State pension guide: what you need to know
The State Pension is a regular payment from the government to support you in retirement. But how much you get and when you will be able to claim it can vary.
What is the State Pension?
The State Pension provides a weekly income once you reach State Pension age, topping up income you may receive through private pensions or acting as a safety net for those that haven’t been able to save for their retirement.
Who is eligible for the State Pension?
Your eligibility for the new State Pension is directly linked to your National Insurance record.
To claim the full new State Pension you will need to have made 35 qualifying years of National Insurance contributions before you reach State Pension age. If you’ve paid less than this, you will get a reduced payment, and you need at least 10 years to claim any new State Pension at all.
The new State Pension was introduced in 2016 and is available to women born on or after 6 April 1953 and men born on or after 6 April 1951. If you were born before these dates you will need to claim the old scheme, known as the basic State Pension.
How do I pay National Insurance?
If you work you will pay National Insurance through your payslips or voluntarily through your tax return if you work for yourself.
However, if you’ve ever had periods of unemployment, self-employment or low earnings, lived abroad or taken a career break, you may have gaps in your NI record. You can usually top up your NI contributions for the last six years with extra payments yourself.
It is important to note, though, that if you were claiming certain benefits during this time, including job seekers allowance, universal credit or child benefit, you will receive National Insurance credits to plug these gaps. You can check your NI record on the government’s website and find out more about voluntary contributions.
How to claim Child Benefit to boost your State Pension
If you’re a parent who is not working because you are caring for children, it’s important to claim Child Benefit. If your partner earns more than £50,000 a year, they will have to repay the amount of Child Benefit you receive through the High Income Child Benefit Tax Charge.
For simplicity, some parents opt to stop their Child Benefit, but in doing so they stop NI credits automatically being added to their record, which could mean they end up without enough NICs to be eligible for the full State Pension.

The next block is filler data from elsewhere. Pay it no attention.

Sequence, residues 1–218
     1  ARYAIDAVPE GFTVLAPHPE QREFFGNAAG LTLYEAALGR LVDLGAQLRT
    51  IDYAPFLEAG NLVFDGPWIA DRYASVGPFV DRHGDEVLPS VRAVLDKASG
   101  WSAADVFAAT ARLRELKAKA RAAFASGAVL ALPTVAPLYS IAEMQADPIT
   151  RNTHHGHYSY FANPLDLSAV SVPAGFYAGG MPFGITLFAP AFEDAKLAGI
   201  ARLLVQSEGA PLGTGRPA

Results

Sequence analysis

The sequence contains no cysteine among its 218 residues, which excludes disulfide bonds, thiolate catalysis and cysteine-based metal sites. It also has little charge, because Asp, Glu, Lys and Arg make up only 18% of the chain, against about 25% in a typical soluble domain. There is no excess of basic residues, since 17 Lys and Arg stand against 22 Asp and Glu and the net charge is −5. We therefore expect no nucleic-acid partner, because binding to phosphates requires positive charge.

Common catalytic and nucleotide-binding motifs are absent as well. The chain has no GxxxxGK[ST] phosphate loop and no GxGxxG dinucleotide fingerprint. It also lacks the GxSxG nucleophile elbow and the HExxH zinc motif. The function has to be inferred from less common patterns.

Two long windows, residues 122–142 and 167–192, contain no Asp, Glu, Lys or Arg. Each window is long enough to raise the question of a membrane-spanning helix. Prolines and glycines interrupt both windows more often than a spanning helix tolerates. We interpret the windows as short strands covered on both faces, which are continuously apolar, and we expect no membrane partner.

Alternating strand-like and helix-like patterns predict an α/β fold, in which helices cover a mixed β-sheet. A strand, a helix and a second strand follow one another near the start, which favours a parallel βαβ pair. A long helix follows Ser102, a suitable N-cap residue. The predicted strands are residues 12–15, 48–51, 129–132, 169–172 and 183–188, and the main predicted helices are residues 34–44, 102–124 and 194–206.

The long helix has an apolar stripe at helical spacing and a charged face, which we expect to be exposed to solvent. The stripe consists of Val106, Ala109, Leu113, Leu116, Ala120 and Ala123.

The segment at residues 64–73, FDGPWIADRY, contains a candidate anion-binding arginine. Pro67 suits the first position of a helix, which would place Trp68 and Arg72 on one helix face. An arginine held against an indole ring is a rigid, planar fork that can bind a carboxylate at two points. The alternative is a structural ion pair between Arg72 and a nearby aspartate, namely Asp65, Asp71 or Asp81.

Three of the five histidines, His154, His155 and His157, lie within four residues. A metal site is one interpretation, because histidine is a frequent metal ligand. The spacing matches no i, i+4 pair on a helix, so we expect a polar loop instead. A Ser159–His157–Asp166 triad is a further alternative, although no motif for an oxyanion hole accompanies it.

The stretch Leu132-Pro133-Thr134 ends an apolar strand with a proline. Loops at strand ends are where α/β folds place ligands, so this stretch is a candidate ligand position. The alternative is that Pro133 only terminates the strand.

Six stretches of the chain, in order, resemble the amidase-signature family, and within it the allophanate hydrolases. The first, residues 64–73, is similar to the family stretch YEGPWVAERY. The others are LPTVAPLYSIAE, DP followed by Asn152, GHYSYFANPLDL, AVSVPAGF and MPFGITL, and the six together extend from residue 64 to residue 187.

How much State Pension will I get?
In 2021/22 the full new State Pension is £179.60 a week, or a little over £9,000 a year. But not everyone will get the full amount.
If you only qualify for a small amount or no State Pension, you may also be eligible for pension credit, a means-tested benefit to top up your weekly income. How much you get will depend on how much income you have from all sources, including joint income and savings if you are in a couple.
The government has a tool that can forecast how much State Pension you should get.
When can I get the State Pension?
You can claim it once you reach the State Pension age, which depends on when you were born. The State Pension age was 65, but it is gradually increasing and now depends on when you were born and will reach 67 by 2028. This is currently under review, however and may well change.
The government will usually write to you a few months before you reach State Pension age to invite you to claim.
What if I don’t need the State Pension?
If you don’t need your State Pension — for example, if you are still working or have a good private pension — you can defer it in return for a higher weekly payment when you do eventually claim. Your State Pension increases by 1% for every nine weeks you put off claiming it, so that’s an extra 5.8% for each year you defer, and it rises in line with inflation.
» MORE: How to delay your pension
What other ways can I save for retirement?
While the State Pension will be an important part of your overall retirement income, it won’t be enough to give you a good standard of living. That’s why it is important to save during your working life in a private pension such as a workplace scheme.
» COMPARE: Personal pensions
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Hannah is an award-winning journalist with a background in the trade press. She writes about finance, asset management and business for Shares, Citywire, FE Trustnet, and interactive investor. Read more